Women with intellectual or cognitive disability face extra online risks
Released today, the For My Safety report, led by QUT Associate Professor Bridget Harris and Dr. Delanie Woodlock and sector partners WWILD, WESNET, SECASA (and assisted by Women with Disabilities Victoria) details the extra burdens and obstacles women with intellectual or cognitive disability face.
The study provides remedies suggested by the study participants—six women survivors, and 15 frontline workers and allied practitioners—to increase their safety online.
The women with intellectual or cognitive disability in the study reported that technology was important for them to manage their life and social connections but they wanted training in safe technology use and in healthy relationships as part of their independent living skills.
Professor Harris, from QUT School of Justice, said survivors spoke about the importance of a variety of digital devices and platforms to connect with family, intimate partners, and friends, for entertainment to manage banking, health and their home.
"The tactics used to abuse women with intellectual disability were similar to those used by partners or ex-partners on women without disability—harassment, surveillance, image-based sexual abuse, co-option of accounts and changing function of devices, coercion, intimidation and manipulation," Professor Harris said.
"One unique difference is that women's disabilities and resources are also targeted, so perpetrators might place tracking devices on wheelchairs, tamper with hearing aids or assistive technologies, threaten to disclose health information, and threaten to harm service animals.
"Also, the pool of perpetrators can be much broader for women with intellectual or cognitive disability. Abusers can be family members, carers and strangers as well as ex/partners.
"Frontline workers also reported that those who assist women may gain access to technologies under the guise of 'helping' them, and gain control of accounts and devices, leaving them open to exploitation."
Dr. Woodlock said women with intellectual disability were at risk of technologically facilitated abuse for several reasons.
"Frontline workers said that women with intellectual or cognitive disability were at risk of being deliberately targeted online, with men befriending or having a relationship with them with intent or abuse or exploit them," Dr. Woodlock said.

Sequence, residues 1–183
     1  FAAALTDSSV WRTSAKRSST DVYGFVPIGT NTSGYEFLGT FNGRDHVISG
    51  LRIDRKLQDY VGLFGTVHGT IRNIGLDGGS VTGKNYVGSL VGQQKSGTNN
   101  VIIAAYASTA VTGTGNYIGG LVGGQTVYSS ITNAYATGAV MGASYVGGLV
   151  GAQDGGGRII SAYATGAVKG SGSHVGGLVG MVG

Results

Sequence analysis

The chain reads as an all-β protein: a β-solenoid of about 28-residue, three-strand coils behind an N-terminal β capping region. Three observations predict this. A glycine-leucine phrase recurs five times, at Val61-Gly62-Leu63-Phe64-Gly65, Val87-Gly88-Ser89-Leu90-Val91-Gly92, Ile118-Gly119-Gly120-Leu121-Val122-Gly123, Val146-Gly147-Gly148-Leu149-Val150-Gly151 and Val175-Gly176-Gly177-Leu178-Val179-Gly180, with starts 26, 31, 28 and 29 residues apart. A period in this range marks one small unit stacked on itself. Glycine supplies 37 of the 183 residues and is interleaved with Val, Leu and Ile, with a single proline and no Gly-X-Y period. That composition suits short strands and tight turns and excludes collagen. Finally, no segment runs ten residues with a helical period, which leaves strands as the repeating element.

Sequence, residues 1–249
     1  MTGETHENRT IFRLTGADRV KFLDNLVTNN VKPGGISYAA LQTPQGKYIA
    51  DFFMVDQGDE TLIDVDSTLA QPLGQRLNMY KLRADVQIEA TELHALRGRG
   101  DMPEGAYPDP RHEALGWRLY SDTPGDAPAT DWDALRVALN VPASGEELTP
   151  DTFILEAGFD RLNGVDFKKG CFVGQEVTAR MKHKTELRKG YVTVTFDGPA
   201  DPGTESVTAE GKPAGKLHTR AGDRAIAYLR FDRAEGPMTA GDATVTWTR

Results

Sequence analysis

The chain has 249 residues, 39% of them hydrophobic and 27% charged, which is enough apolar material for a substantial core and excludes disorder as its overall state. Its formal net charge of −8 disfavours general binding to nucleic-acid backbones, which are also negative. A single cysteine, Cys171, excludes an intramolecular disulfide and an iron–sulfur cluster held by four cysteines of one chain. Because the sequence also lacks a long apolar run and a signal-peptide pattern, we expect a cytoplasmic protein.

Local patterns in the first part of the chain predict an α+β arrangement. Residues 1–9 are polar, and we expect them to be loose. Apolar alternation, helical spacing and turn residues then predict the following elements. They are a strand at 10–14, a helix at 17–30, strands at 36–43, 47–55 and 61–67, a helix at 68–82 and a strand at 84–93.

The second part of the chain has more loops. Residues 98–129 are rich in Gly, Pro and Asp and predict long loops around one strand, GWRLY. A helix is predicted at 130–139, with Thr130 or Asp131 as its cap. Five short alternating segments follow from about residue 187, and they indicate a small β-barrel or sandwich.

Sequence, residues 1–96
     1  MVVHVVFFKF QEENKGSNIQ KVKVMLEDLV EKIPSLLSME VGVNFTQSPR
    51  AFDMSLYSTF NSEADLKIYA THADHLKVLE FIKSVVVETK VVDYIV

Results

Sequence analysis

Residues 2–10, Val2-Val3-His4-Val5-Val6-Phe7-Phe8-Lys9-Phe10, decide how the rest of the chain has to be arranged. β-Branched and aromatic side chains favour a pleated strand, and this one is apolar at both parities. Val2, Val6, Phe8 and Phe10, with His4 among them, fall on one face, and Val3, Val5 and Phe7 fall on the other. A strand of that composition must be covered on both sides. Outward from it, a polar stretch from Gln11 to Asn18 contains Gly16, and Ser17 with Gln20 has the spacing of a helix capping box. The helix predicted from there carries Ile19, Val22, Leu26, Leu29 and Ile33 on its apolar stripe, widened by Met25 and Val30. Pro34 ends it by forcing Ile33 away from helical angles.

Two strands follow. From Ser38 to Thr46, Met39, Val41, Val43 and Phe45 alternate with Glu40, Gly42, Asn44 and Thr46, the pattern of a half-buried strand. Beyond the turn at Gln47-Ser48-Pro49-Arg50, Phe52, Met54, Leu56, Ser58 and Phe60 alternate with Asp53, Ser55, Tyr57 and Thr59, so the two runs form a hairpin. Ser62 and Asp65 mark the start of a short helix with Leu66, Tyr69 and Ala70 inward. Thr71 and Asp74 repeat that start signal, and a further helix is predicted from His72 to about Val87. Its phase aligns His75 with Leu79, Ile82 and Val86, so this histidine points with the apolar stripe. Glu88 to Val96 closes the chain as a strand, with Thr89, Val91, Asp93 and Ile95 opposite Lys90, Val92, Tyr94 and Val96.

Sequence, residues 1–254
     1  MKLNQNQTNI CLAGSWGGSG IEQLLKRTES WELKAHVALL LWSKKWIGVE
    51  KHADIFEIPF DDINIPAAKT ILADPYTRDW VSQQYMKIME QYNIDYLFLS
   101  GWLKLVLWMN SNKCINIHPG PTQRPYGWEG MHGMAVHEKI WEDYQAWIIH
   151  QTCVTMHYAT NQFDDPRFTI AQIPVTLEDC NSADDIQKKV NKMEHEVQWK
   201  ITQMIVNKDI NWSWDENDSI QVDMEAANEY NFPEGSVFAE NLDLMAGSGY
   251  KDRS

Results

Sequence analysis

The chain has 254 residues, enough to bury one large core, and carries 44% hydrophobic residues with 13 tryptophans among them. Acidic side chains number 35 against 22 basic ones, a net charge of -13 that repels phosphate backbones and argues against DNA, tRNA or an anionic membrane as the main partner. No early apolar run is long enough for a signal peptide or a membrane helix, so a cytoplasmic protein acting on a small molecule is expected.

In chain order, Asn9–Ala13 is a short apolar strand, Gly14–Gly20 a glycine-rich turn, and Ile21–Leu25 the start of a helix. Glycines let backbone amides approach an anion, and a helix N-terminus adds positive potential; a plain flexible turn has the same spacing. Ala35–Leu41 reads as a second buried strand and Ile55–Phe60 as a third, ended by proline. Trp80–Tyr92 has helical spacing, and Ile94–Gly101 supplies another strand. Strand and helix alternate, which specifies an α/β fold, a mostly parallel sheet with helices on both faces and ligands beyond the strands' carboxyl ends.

"This includes 'mate crime' and 'cuckooing," where a perpetrator moves into the home of someone they perceive as vulnerable and treats it as their own.
"A woman's partner can also be her carer. Frontline workers reported women in domestic violence situations are told if not for their partner, they would not have custody of their children.
"The women themselves said they feared not being believed if they reported abuse and/or that the digital device would be taken away from them and they would be cut off from friends, family and services.
"They face myths, misconceptions and assumptions about their capabilities and credibility when reporting abuse because perpetrators can exploit discriminatory attitudes about women with intellectual disabilities, such as them not being competent."
There are key opportunities to improve responses to tech abuse, Professor Harris said.
"Women had a raft of recommendations. They suggested plain English guides, demonstration videos and visual guides, and in-person instruction in using their devices including bringing technology safety experts into their support groups and sessions," she said.
"The eSafety Commissioner's work, material and training in this space is key; women and workers emphasized the need for resources and responses that are inclusive and accessible.
"Women also highlighted that social media and telecommunication agencies can and should be better at preventing and responding to tech abuse.
"And justice system responses to tech abuse and engagement with people with cognitive or intellectual disabilities can certainly be bolstered. Women and workers talked about a lack of knowledge and an unwillingness to address abuse."
Although the women said the risk of online abuse made them fearful and was stressful, many wanted to continue to use it but also be empowered through tech safety support and education.
"Women wanted to learn more and feel confident using their devices. They did not want other people to just turn off their settings but wanted to know how to use it themselves," Professor Harris said.